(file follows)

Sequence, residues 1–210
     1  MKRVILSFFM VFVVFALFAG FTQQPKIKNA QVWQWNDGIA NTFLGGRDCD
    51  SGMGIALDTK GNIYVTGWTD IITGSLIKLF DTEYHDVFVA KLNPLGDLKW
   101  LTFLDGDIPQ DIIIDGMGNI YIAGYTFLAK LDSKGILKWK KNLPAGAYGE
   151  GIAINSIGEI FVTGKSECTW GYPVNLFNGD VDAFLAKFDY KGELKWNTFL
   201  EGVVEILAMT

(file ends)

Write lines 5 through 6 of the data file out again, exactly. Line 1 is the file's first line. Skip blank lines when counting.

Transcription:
   151  GIAINSIGEI FVTGKSECTW GYPVNLFNGD VDAFLAKFDY KGELKWNTFL
   201  EGVVEILAMT